Posted by: ushistoryfiles | June 28, 2012

Up, Up, and Away

I discovered a new living history museum this week and they are doing something really cool.  The Genesee Country Village & Museum is a 700 acre village with 68 historic structures located in New York State (in Mumford, NY to be exact – not too far from Rochester).  After looking through their website I am adding them to the “I’ve got to go there soon” list.

What brings this particular museum to my attention is that they have built a Civil War manned balloon replica.  Beginning on July 4 they are going to be offering flights to visitors. The balloon will rise 400 feet (32 stories) above the museum grounds near carrying up to four passengers at a time in addition to the pilot.

The replica being inflated.

They replica that they have built is of the Intrepid, one of several that were built during the U.S. Civil War.  The science of aeronautics was in its infancy at the time of the war.  A scientist/inventor by the name of Thaddeus Lowe was working on ballooning through the 1850s.  He even aspired to attempt a transatlantic flight.  In 1861, Lowe was introduced to President Lincoln and given a chance to show how balloons could be used for aerial reconnaissance.  Lincoln was impressed and the Balloon Corps was born.  The Corps would eventually build a fleet of balloons such as the  Constitution, Eagle, Washington, and others.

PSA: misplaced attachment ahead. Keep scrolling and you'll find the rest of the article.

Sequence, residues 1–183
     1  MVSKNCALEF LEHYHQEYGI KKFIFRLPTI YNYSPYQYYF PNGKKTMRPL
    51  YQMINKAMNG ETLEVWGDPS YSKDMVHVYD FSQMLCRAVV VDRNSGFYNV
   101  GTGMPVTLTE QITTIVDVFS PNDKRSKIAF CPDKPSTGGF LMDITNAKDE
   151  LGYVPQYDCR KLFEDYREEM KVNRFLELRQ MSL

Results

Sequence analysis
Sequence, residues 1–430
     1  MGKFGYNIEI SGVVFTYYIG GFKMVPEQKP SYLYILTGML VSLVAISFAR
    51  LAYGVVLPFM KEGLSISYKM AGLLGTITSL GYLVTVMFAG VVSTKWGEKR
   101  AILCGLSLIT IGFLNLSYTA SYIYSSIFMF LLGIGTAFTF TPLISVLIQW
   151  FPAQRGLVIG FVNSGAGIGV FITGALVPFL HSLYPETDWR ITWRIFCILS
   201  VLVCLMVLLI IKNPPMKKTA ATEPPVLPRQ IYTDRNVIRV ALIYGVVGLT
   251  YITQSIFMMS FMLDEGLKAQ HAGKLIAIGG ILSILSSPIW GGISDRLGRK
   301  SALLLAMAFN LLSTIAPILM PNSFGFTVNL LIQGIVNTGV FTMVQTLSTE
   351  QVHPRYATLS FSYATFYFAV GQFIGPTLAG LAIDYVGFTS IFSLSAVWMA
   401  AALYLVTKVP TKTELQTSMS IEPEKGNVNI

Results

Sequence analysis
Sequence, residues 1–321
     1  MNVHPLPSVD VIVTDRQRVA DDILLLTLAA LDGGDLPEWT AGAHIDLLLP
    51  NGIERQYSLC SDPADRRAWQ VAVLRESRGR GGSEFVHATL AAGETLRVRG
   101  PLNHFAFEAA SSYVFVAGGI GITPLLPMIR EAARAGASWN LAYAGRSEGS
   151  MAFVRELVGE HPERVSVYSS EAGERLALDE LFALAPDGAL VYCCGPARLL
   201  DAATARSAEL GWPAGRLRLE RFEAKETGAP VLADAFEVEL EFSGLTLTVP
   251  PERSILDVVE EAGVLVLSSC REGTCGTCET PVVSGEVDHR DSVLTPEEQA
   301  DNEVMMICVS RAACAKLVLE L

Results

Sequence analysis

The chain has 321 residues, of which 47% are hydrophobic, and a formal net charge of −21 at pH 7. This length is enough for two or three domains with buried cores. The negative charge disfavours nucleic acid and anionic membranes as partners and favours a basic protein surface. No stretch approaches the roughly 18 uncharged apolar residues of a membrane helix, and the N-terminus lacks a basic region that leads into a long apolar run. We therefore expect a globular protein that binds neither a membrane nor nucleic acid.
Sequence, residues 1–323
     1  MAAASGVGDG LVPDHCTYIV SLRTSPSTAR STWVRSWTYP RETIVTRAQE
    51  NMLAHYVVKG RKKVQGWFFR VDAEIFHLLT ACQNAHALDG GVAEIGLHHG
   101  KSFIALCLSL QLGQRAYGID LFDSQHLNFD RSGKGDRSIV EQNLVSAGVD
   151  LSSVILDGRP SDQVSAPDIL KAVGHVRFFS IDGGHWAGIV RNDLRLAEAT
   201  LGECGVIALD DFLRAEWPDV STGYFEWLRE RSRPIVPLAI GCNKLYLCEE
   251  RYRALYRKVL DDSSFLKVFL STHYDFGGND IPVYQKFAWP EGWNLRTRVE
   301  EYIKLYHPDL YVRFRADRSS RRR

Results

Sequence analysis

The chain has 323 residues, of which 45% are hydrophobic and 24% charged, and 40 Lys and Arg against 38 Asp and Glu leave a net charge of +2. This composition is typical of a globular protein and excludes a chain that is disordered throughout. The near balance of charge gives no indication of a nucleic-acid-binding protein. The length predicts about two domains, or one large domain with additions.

The Intrepid at Gaines Mill

The Intrepid would be the largest of the balloons and was used during the 1862 Peninsula Campaign.  On a related note, this week marks the 150th anniversary of the Battle of Gaines Mill where the Intrepid saw use, so the timing of launching the replica couldn’t be better.

The Intrepid will be rising thanks to a donation of helium from Macy’s – the folks who support the Thanksgiving Day parade.  Macy’s donated 50,000 cubic feet of helium to get the project off the ground (pun intended).

For more information check out:

http://www.centennialofflight.gov/essay/Lighter_than_air/Civil_War_balloons/LTA5.htm

and

http://www.civilwar.org/education/history/civil-war-ballooning/ballooning-during-the-seven.html

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